The other standout performance is given by James Badge Dale as the assassin’s brother. Perhaps the most revealing sections deal with the family of Lee Harvey Oswald. Landesman made a surprising but smart decision to focus a good deal of attention on Oswald’s brother Robert. There has probably never been another film that provides such an incisive portrayal of the impact of a horrendous crime on the killer’s family. Dale captures the mixture of shame and grief that characterized Robert’s stunned reaction, and one jailhouse scene between the brothers (with Jeremy Strong well cast as Lee Oswald) has just the right degree of tension.
Guy Lodge of In Contention/Hit Fix gives it a cold “D” but praises Dale:
The only figure in this waxen ensemble who emerges as something resembling a complex, conflicted human being is Oswald’s decent, stoic but tacitly ashamed brother Robert, a man in no doubt as to his sibling’s guilt but attempting to muster up enough unconditional love to understand his mindset. In the only performance here that feels porous and palpably damaged, James Badge Dale is given too little to work with to come close to salvaging the whole tawdry affair, but his efforts are appreciated all the same. As his vindictive mother Marguerite, meanwhile, Jacki Weaver goes to the opposite extreme, playing the woman’s horn-rimmed glare and hissing conspiracy theories for high camp value. It’s the cartoonish approach this material arguably calls for, but a distracting one when none of her blander co-stars apparently received the memo.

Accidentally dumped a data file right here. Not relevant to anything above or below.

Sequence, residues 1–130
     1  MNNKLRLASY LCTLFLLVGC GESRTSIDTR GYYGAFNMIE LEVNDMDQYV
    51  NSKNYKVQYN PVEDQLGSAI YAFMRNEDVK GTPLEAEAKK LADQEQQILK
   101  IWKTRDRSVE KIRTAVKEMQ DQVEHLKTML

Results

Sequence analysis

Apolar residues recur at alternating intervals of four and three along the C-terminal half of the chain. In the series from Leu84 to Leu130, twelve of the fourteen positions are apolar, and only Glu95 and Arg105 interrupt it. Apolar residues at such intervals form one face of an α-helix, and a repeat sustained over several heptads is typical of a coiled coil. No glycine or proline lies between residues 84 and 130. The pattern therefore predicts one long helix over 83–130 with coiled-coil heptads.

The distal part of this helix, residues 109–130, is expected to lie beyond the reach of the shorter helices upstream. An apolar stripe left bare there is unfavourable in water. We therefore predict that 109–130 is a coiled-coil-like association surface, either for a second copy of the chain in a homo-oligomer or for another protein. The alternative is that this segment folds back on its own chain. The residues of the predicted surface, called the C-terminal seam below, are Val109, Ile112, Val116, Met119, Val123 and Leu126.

Peter Debruge of Variety has harsh words:
A painful retelling of the Nov. 22, 1963, assassination of President Kennedy in which the two least important players seem to be JFK and Lee Harvey Oswald, “Parkland” dramatizes the immediate impact of that tragedy on the lives of civilians, professionals and others tangentially involved. Comparisons with “Bobby” can’t be helped, since it took a similar approach to the equally shocking death of Robert F. Kennedy, though that film seems like a masterpiece compared with this inadvertently tacky restaging of events. Timed to coincide with the 50th anniversary of the tragedy, this Oct. 4 release will swiftly be forgotten in the face of more tasteful mementos.
Oliver Lyttleton of The Playlist doesn’t like it:
There is one notable exception, and that’s James Badge Dale as Lee Harvey Oswald’s brother. For the fifth time in twelve months (following “Flight,” “Iron Man 3,” “World War Z” and “The Lone Ranger”), the actor feels like he’s in a different, and much better, movie than the one around him. As Robert Oswald, he underplays while everyone swings for the fences, neatly and efficiently capturing brotherly love, ordinary dignity and irrational guilt.
His stuff is by far the best thing in the film, and it would be tempting to suggest that a version of the film focusing solely on the Oswald family might be fairly effective, were it not for the normally reliable Jacki Weaver, who seems to have been told to play Oswald’s batshit crazy mother as comic relief. So ultimately, James Badge Dale can’t salvage the film that we like to think was conceived with good intentions, but comes across on screen as a cheap cash-in. [D-]